From 2018 to 2019, South Africa’s gold output declined by 31%, thereby representing the 15th consecutive month that this nation’s gold production has declined. Although South Africa was previously a top gold producer in the world, they continue to face several challenges in mining this metal as a result of deeper ore bodies, labor strife, high costs, policy uncertainty, power supply issues, occupational safety, and lower ore grades.

The reddish-brown Kalahari Desert.

The reddish-brown Kalahari Desert. Image Credits: CIA factbook

Switzerland-based Xstrata plc and its partner Merafe Resources Ltd. carried out chromite mining operations at the Waterval, Boshoek, Horizon, Kroondal, and Helena Thorncliffe mines, which have a total capacity of 5.57 Mt/year

Fossil Fuels

Coal continues to dominate the South African energy sector, as it contributed to about 59% of the nation’s total primary energy supply in 2018. The six major producing coal in South Africa include Anglo Coal, BHP Billiton Coal South Africa (BECSA), Exxaro Resources, Glencore Xstrata Coal, Sasol Mining and Optimum Coal Holdings (OCH).

Over the past several years, South Africa has emerged as a leader in the synthetic fuels energy sector dedicated to converting coal to liquid fuels. Additional sources of energy for this nation can be derived from biomass, such as wood and dung, natural gas, hydro-power, nuclear power, solar power, and wind.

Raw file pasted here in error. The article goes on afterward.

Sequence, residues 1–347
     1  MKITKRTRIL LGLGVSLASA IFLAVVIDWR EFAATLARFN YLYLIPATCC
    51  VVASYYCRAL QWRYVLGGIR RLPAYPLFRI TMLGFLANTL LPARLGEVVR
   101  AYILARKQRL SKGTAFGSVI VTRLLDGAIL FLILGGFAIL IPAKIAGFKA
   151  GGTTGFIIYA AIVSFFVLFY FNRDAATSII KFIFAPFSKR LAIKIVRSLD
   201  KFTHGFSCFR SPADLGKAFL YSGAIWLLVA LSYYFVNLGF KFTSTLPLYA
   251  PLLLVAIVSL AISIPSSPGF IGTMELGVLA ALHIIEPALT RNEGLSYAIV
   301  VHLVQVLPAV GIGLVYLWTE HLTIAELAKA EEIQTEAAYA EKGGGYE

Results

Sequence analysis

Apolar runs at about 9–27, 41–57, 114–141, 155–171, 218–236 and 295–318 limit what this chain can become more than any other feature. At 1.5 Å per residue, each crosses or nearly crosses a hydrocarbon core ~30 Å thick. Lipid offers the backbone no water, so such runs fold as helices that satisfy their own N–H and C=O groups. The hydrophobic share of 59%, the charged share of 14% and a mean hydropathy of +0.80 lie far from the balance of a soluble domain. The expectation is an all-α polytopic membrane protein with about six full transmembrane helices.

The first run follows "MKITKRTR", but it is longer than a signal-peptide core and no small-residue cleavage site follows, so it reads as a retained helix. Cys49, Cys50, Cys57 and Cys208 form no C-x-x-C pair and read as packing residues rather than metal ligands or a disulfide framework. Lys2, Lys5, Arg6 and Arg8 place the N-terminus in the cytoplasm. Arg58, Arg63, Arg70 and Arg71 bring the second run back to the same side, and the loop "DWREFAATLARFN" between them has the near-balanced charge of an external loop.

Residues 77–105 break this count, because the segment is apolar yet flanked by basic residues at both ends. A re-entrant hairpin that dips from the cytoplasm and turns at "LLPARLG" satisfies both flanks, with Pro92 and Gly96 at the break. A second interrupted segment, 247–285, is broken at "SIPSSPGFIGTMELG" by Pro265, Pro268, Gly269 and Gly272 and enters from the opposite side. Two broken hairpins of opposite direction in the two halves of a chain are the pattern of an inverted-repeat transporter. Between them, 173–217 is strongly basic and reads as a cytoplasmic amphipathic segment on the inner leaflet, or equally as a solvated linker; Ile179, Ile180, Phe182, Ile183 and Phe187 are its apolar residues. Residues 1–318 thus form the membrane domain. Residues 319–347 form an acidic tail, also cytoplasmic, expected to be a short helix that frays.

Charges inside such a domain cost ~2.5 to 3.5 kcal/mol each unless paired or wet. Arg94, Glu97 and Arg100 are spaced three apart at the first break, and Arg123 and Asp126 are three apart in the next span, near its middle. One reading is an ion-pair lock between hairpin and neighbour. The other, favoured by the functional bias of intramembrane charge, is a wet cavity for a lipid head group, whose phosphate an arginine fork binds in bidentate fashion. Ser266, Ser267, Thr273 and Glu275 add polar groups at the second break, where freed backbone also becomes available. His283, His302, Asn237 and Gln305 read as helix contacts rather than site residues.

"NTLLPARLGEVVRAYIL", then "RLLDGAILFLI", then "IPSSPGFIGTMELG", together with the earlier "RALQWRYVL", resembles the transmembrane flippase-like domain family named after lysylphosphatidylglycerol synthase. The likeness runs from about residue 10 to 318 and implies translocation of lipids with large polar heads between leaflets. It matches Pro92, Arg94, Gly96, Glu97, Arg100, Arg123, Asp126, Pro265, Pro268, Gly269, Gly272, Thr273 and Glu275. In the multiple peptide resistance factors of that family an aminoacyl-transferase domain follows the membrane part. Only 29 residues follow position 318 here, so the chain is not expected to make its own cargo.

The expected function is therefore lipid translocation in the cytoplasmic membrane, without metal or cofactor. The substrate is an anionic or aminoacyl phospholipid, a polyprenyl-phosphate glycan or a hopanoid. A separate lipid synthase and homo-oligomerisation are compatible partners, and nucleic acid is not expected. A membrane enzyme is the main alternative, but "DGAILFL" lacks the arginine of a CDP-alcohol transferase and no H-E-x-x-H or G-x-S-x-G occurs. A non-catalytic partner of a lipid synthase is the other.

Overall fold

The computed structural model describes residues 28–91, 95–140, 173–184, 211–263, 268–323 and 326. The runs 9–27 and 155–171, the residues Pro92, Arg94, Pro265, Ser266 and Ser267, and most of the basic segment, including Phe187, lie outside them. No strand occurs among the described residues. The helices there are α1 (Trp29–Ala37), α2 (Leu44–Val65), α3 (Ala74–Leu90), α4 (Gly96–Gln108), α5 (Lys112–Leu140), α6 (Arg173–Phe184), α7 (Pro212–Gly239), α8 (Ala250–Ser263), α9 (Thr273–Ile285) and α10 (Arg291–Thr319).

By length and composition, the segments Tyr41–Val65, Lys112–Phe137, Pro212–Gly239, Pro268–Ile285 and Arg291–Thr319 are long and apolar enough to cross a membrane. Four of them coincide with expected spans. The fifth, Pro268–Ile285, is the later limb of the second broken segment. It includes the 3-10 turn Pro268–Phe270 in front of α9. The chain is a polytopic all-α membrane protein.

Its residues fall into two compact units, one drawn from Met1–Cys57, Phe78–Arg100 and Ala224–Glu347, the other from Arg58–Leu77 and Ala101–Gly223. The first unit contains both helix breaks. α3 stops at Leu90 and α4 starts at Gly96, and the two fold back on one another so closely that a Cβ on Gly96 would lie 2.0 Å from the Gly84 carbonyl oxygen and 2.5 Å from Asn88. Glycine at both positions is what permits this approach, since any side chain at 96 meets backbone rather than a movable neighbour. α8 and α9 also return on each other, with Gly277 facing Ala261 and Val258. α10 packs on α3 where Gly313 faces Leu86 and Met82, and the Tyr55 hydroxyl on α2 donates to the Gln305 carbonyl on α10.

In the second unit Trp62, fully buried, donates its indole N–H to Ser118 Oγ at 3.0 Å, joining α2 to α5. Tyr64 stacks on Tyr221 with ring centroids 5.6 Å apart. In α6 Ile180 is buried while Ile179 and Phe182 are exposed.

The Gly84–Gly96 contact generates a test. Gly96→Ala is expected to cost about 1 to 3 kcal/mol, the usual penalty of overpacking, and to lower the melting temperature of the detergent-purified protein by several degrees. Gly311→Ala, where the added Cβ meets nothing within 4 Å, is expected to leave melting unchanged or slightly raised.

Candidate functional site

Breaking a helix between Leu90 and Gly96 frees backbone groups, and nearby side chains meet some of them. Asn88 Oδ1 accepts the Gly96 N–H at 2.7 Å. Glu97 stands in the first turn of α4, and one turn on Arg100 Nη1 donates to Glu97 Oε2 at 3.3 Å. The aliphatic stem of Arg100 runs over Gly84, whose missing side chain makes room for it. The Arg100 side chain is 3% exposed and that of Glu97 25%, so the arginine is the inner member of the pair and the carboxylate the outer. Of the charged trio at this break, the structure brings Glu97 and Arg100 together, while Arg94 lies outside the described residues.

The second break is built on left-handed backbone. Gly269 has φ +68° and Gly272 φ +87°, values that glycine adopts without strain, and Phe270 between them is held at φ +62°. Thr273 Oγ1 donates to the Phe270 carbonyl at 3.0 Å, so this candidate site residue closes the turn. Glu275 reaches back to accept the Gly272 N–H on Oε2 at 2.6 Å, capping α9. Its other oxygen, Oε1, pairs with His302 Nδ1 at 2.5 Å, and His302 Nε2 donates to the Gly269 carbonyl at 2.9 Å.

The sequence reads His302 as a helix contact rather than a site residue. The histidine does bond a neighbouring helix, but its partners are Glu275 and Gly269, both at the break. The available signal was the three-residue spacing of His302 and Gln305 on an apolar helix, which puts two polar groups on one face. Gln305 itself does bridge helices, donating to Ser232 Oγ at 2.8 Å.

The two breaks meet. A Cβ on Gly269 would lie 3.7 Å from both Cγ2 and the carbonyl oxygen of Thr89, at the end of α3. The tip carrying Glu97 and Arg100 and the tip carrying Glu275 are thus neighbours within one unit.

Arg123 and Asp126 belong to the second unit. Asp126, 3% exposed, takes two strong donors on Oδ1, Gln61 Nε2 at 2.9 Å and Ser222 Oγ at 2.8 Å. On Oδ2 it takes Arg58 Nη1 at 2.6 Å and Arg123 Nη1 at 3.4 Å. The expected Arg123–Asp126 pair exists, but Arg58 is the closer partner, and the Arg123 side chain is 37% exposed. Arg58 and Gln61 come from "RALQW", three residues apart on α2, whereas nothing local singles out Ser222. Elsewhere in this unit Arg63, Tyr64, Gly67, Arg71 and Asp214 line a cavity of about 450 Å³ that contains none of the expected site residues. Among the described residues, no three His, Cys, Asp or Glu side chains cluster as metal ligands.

Investments

he mining industry in South Africa is continuously adapting to the ever-changing local and international market conditions. The sector attracts both local and foreign investments, with key areas of interest being uranium, cement, gold, chromite, coal, fluorspar, iron ore, manganese ore, andalusite, wollastonite, nickel, and platinum group metals.

According to experts, the country’s coal exports can be enhanced if the capacity of the existing rail lines is increased, especially between the Mpumalanga Province and Richards Bay coalfields and at the Richards Bay Coal Terminal.

The Mining and Petroleum Resources Development Act of 2006 assisted the growth of the junior mining sector in South Africa. The Diamond Export Levy Act of 2007 and the Mineral and Petroleum Resources Royalty Administration Act of 2008 were amended by the South African government in the year 2009. The Black Economic Empowerment program initiated by the government prescribed a 15% increase of black ownership of the mining industry in 2009 and a 26% increase of the same by 2014.

The South African government looks to its mining sector to eradicate the wide divide between the country’s rich and the poor. The South African Chamber of Mines recently opposed the ruling party’s windfall tax plan for the country’s mining sector. Currently, extensive talks are ongoing about the nationalization of South African mines, which some experts feel is a high-risk proposition and should be a last resort.

Despite all this, the future of mining in South Africa seems promising as there is a lot of scope for discovering new world-class deposits in areas where intensive explorations have not yet been carried out.

Disclaimer: The Author of this article does not imply any investment recommendation and some content is speculative in nature. The Author is not affiliated in any way with any companies mentioned and all statistical information is publically available.

Sources and Further Reading

This article was updated on the 30th May, 2019.

Tell Us What You Think

Do you have a review, update or anything you would like to add to this article?

Leave your feedback
Submit